Understanding crime statistics in your industry and area is crucial for making important decisions about your security budget. With so much information out there, how can you know which statistics to trust? Read Now

  • Boosting Safety and Efficiency

    Boosting Safety and Efficiency

    In alignment with the state of Mississippi’s mission of “Empowering Mississippi citizens to stay connected and engaged with their government,” Salient's CompleteView VMS is being installed throughout more than 150 state boards, commissions and agencies in order to ensure safety for thousands of constituents who access state services daily. Read Now

  • Live From GSX: Post-Show Review

    Live From GSX: Post-Show Review

    This year’s Live From GSX program was a rousing success! Again, we’d like to thank our partners, and IPVideo, for working with us and letting us broadcast their solutions to the industry. You can follow our Live From GSX 2023 page to keep up with post-show developments and announcements. And if you’re interested in working with us in 2024, please don’t hesitate to ask about our Live From programs for ISC West in March or next year’s GSX. Read Now

    • Industry Events
    • GSX
  • People Say the Funniest Things

    People Say the Funniest Things

    By all accounts, GSX version 2023 was completely successful. Apparently, there were plenty of mix-ups with the airlines and getting aircraft from the East Coast into Big D. I am all ears when I am in a gathering of people. You never know when a nugget of information might flip out. Read Now

    • Industry Events
    • GSX

Featured Cybersecurity


New Products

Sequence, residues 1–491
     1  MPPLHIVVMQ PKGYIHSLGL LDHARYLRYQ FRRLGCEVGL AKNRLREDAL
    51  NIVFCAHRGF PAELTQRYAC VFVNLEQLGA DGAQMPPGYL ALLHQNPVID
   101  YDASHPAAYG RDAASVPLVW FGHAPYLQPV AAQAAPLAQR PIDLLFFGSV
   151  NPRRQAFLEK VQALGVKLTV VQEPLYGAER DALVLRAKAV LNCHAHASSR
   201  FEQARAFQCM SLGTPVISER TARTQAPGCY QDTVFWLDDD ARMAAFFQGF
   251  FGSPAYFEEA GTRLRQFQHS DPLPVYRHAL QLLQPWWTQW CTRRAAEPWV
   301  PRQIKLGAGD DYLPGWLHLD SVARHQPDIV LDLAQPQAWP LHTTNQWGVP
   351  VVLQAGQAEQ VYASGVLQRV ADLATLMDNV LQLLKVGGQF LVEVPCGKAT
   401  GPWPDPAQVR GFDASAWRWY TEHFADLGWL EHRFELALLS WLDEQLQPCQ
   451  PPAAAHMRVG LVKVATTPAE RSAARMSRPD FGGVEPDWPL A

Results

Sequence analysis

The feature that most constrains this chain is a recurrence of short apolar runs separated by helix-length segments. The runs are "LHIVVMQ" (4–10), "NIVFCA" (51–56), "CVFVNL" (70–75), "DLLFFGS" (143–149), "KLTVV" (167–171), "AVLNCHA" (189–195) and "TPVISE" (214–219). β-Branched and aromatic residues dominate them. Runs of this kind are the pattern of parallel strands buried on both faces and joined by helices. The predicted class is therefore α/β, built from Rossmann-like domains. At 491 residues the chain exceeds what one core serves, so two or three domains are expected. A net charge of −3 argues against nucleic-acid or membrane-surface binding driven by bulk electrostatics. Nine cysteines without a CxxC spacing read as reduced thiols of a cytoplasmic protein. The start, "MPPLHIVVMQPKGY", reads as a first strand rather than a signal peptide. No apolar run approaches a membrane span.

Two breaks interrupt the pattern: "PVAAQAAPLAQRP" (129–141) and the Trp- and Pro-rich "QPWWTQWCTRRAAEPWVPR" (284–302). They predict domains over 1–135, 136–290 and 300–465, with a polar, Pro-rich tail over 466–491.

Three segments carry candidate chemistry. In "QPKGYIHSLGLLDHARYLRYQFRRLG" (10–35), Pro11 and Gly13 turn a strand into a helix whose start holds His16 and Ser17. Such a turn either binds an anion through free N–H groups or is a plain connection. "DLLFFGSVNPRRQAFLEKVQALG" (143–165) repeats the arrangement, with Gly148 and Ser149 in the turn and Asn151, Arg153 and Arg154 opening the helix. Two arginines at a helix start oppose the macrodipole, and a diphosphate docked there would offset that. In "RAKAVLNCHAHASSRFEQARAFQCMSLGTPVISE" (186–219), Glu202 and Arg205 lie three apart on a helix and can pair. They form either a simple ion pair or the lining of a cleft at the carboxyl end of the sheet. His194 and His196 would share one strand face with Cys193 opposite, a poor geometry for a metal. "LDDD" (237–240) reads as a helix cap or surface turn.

• ComNet CNGE6FX2TX4PoE

    The ComNet cost-efficient CNGE6FX2TX4PoE is a six-port switch that offers four Gbps TX ports that support the IEEE802.3at standard and provide up to 30 watts of PoE to PDs. It also has a dedicated FX/TX combination port as well as a single FX SFP to act as an additional port or an uplink port, giving the user additional options in managing network traffic. The CNGE6FX2TX4PoE is designed for use in unconditioned environments and typically used in perimeter surveillance. 3

  • Automatic Systems V07

    Automatic Systems V07

    Automatic Systems, an industry-leading manufacturer of pedestrian and vehicle secure entrance control access systems, is pleased to announce the release of its groundbreaking V07 software. The V07 software update is designed specifically to address cybersecurity concerns and will ensure the integrity and confidentiality of Automatic Systems applications. With the new V07 software, updates will be delivered by means of an encrypted file. 3

  • ResponderLink


    Shooter Detection Systems (SDS), an Alarm.com company and a global leader in gunshot detection solutions, has introduced ResponderLink, a groundbreaking new 911 notification service for gunshot events. ResponderLink completes the circle from detection to 911 notification to first responder awareness, giving law enforcement enhanced situational intelligence they urgently need to save lives. Integrating SDS’s proven gunshot detection system with Noonlight’s SendPolice platform, ResponderLink is the first solution to automatically deliver real-time gunshot detection data to 911 call centers and first responders. When shots are detected, the 911 dispatching center, also known as the Public Safety Answering Point or PSAP, is contacted based on the gunfire location, enabling faster initiation of life-saving emergency protocols. 3